When Florida Georgia Line's radio-friendly albeit corny "Colorado" came out in 2018, it was hard not to wish people who aren't from Colorado would shut their traps about Colorado — because these days, all they seem to notice about this state is weed.
Weed. Weed. Weed.
It hasn't always been this way. Colorado has been the subject of plenty of earnest songs over the years, from Townes Van Zandt's "Colorado Girl" to Merle Haggard's "Colorado" to Linda Ronstadt's "Colorado."
While there have always been some goofy songs about the state, like Johnny Paycheck's ode to Coors, "Colorado Kool-Aid," other artists have found more pathos here.
Maybe with cannabis laws loosening up nationwide, songwriters are once again noticing what makes this place great: stunning landscapes and beautiful skies worthy of the most achy hearts.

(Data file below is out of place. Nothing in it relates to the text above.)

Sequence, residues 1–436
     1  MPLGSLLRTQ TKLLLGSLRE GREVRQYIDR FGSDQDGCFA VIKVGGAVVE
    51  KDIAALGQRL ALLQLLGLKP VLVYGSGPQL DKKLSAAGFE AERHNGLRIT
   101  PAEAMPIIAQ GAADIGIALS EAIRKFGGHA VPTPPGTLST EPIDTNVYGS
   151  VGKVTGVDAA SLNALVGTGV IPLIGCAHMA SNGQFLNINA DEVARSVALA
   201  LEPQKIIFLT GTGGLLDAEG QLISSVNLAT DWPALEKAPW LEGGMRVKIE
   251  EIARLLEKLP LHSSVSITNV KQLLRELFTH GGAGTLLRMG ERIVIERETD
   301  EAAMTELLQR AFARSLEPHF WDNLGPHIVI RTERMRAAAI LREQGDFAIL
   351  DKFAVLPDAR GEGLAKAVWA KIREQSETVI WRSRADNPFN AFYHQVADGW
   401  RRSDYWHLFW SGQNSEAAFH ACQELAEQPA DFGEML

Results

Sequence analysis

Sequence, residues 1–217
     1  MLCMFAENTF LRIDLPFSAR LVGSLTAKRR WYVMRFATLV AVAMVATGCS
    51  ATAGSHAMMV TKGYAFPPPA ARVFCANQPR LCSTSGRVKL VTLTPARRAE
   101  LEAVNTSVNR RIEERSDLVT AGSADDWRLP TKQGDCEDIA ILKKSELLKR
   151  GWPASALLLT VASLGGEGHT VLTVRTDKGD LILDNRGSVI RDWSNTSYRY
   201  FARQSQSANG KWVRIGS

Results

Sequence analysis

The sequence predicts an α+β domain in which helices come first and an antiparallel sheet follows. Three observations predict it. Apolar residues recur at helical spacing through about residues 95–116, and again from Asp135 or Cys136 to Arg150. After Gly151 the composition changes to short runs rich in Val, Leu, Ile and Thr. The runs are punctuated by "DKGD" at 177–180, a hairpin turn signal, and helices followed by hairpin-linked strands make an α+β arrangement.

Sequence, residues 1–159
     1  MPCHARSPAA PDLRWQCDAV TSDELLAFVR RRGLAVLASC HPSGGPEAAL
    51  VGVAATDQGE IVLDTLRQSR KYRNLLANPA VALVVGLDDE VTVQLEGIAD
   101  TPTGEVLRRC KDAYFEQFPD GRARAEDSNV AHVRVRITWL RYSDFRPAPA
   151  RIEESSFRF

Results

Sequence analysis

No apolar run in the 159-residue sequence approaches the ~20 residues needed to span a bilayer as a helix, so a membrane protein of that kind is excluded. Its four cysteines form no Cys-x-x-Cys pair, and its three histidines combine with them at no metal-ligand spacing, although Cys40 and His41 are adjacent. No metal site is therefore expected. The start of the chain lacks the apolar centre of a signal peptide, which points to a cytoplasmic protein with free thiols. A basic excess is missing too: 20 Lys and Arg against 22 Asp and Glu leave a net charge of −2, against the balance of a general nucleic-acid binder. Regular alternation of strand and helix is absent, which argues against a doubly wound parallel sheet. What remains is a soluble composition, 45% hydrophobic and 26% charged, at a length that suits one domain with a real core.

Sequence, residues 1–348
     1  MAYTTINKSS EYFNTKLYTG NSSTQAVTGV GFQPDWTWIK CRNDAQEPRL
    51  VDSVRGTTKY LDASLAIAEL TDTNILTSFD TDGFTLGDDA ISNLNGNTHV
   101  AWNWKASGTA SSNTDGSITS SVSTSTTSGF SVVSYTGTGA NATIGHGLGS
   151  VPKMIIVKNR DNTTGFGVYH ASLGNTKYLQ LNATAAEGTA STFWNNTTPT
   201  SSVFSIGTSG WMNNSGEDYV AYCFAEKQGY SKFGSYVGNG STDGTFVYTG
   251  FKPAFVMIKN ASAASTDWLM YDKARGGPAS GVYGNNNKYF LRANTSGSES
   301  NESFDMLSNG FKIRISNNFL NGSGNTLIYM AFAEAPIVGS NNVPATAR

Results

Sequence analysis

One of the most recent entries into the Colorado-inspired earnest-song canon first dropped last year: the Brothers Brothers' "Colorado." It's a moody love song that taps into the melancholy of the state's sunsets, with lyrics worthy of Gregory Alan Isakov.
The original version of the song off the band's Some People I Know is good, but a new version the duo released as a music video, with singing from folkie Sarah Jarosz and bassist Jeff Picker, is even better.
Watch it here:
Instead of just obsessing over the landscape or Denver, it uses the state's entire geography, from the Front Range to the high peaks to the often ignored eastern plains, as a backdrop for a story about a guy thinking of breaking up with his partner.
The video, which was recorded in a house in Nashville, is a well-crafted song for sad times.
More important, at least if you live in Colorado, is that the song does something that those of us who live here need: It reminds us that our home is more than just a haven for stoners and yuppies trying to capitalize on cannabis. We're in a soulful state that's worthy of brooding folk music.
The Brothers Brothers, October 18, Chautauqua Community House, 900 Baseline Road, Boulder, $18; October 19, Tuft Theatre, Swallow Hill Music, 71 East Yale Avenue, $16 to $18.